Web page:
brain eater wanted posterBOLO for Brain Eater!

braineater defeaterBrain Eater makes your brain: get stuck thinking about your fav topic or show videos or pictures in your head when a friend is trying to talk to you, or recite the names of the United States when you are in a group.

There are ways to defeat Brain Eater.  The ways to defeat him are called strategies.  Once the distractors are identified then strategies can be developed.

Tune in Monday when we utilize our Distractor Blaster and Distracto Shield to practice our strategies.

For details on Brain Eater, check out the SuperFlex curriculum at socialthinking.com

Best,

Robin

Leave a comment »

Tattling vs Telling

t

We needed a coaching experience for tattling (and correcting) today.  If you want to keep others thinking good thoughts about you, sometimes you have to adjust your behavior.  Some of us need to have this specific social skill explicitly taught to us.

telling

Knowing the difference between tattling and telling is important.

tat

Before you tattle or correct someone ask yourself some questions.  Are you in charge?  Is it hurting you?  If the answers are no-well, then mind your own business.

tattle

This poster reminds us what others might think or feel if we are constantly tattling or correcting.

 

The great visuals here are free at autismteachingstrategies.com

Leave a comment »

Zones Bingo!!

In order to understand how our emotions influence our behavior as well as the behavior of others, we started the Zones of Regulation (Leah M. Kuypers,MA Ed. OTR/L). Today we talked about the four zones: BLUE(tired, sick, sleepy), YELLOW(frustrated, worried, silly, loss of some control), RED(mad, mean, yelling, out of control) and the most important zone GREEN(happy, calm, focused and ready to learn).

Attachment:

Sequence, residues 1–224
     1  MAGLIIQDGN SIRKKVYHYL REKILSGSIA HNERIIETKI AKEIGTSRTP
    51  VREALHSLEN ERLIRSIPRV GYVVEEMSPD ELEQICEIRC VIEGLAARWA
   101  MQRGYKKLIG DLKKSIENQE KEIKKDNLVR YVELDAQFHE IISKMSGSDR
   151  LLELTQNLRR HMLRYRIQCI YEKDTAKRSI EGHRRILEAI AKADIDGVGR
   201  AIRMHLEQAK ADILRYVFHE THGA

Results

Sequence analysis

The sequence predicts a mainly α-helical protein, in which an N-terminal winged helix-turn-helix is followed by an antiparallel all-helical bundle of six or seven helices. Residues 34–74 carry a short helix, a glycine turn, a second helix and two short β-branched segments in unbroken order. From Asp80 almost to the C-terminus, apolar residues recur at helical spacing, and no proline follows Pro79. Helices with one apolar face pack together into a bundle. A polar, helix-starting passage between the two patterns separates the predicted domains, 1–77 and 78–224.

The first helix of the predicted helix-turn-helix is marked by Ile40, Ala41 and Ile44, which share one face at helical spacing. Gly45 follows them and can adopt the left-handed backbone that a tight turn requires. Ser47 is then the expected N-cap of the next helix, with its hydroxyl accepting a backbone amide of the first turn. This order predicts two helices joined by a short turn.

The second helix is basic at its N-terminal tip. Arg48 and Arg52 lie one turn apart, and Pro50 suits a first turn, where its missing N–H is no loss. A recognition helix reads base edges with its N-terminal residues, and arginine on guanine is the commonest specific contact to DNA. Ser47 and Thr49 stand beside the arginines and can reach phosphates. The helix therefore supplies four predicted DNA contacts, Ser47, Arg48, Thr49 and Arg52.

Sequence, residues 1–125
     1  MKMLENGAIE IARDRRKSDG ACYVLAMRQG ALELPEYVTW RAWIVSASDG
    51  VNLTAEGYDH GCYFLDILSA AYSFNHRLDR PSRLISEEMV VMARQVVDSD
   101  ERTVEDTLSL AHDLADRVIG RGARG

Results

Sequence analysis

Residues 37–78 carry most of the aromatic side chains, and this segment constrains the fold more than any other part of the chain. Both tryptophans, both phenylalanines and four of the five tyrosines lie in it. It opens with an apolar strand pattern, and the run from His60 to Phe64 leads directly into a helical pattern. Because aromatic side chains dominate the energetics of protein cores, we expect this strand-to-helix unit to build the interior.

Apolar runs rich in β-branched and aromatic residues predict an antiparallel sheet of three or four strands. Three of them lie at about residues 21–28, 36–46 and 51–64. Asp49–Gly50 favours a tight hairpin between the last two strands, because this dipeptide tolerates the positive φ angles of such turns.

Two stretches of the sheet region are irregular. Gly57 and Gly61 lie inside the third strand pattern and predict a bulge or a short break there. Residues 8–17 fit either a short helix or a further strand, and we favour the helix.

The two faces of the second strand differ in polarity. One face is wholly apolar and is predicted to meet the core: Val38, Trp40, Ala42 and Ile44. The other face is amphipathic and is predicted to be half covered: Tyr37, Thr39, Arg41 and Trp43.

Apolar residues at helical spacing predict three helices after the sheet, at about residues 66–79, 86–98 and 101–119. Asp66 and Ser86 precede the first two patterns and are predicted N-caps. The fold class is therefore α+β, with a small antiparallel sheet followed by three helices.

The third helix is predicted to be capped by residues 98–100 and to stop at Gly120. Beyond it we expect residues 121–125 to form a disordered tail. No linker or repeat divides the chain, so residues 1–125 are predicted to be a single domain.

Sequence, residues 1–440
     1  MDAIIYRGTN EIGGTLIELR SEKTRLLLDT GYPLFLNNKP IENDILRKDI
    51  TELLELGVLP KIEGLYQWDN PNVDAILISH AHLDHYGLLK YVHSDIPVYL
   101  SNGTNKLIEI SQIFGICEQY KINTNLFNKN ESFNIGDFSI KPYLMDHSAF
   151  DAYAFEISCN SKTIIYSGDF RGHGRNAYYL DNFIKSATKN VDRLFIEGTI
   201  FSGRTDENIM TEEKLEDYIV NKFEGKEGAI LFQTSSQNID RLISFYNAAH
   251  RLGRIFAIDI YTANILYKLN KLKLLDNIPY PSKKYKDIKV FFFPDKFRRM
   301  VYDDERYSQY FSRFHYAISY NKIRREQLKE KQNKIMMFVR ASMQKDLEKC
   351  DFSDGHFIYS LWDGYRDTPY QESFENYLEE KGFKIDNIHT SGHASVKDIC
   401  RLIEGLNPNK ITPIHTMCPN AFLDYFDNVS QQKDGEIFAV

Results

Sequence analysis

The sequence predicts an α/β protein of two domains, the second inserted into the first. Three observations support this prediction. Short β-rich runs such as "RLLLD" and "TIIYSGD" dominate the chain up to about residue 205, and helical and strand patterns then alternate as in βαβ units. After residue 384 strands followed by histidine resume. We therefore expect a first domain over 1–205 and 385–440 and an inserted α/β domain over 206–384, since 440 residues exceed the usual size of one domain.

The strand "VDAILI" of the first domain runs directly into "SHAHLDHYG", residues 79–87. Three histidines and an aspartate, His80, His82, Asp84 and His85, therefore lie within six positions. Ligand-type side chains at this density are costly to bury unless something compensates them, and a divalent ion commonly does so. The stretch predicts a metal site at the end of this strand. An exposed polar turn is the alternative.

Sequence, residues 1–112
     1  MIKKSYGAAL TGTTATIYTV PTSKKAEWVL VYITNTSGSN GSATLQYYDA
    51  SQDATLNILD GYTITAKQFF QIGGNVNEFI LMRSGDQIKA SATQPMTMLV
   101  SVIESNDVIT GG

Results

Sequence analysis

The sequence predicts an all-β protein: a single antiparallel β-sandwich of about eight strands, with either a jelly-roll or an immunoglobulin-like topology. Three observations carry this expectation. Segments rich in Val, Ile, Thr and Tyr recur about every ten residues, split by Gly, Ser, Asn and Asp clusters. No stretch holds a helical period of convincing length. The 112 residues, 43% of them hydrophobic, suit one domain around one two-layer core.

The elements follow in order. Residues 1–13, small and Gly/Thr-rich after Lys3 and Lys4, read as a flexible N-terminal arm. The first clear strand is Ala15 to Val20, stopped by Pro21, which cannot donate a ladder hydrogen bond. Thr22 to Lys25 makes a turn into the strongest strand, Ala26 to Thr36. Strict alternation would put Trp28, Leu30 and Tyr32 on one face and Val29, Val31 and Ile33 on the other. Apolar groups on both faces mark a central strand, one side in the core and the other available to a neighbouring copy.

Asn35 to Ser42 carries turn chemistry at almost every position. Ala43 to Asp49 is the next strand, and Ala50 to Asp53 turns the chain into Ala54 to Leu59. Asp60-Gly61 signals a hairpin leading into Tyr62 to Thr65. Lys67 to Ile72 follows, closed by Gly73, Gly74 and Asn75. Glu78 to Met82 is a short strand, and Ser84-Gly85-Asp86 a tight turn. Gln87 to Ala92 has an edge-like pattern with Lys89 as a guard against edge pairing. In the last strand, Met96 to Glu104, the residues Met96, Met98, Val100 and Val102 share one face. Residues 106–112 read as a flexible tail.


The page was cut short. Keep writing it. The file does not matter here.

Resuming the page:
zones bingo

After discussing the zones with some vivid facial expressions, we played a game of ZONES BINGO.

photo

 

This was fun and helped us find areas of emotional regulation that may be preventing us from being in the GREEN zone. One student was yawning during the activity and we talked about that being in the Blue Zone. He told us he was frequently tired.

zones w

We will continue the ZONES program to give students a method to understand, monitor and regulate their own personal zone. We want everyone’s favorite color to be GREEN!!

Jana

5 Comments »

It’s All in the Game!

I bought 2 new games for our lunch buddies groups to start the new year.  Before I reveal what they are, I will write a bit about why we play games in lunch buddies groups.

Playing a board game is an engaging social experience.  Students need to” keep their brain and body in the group” to know when it is their turn and be ready to praise or say encouraging words to their friends.  Before we start a game we review the following social stories:  Jill Kuzma’s learning-from-losing-book or

Whitney Bromley’s social story for winning/losing a game at speakingofspeech.com

IMG_5401

Sometimes students need to use “positive self-talk” strategies.  Our favorite we learned from Graham and his mom, Sarah.   If I had fun, I won!!

Ok, here are the new games-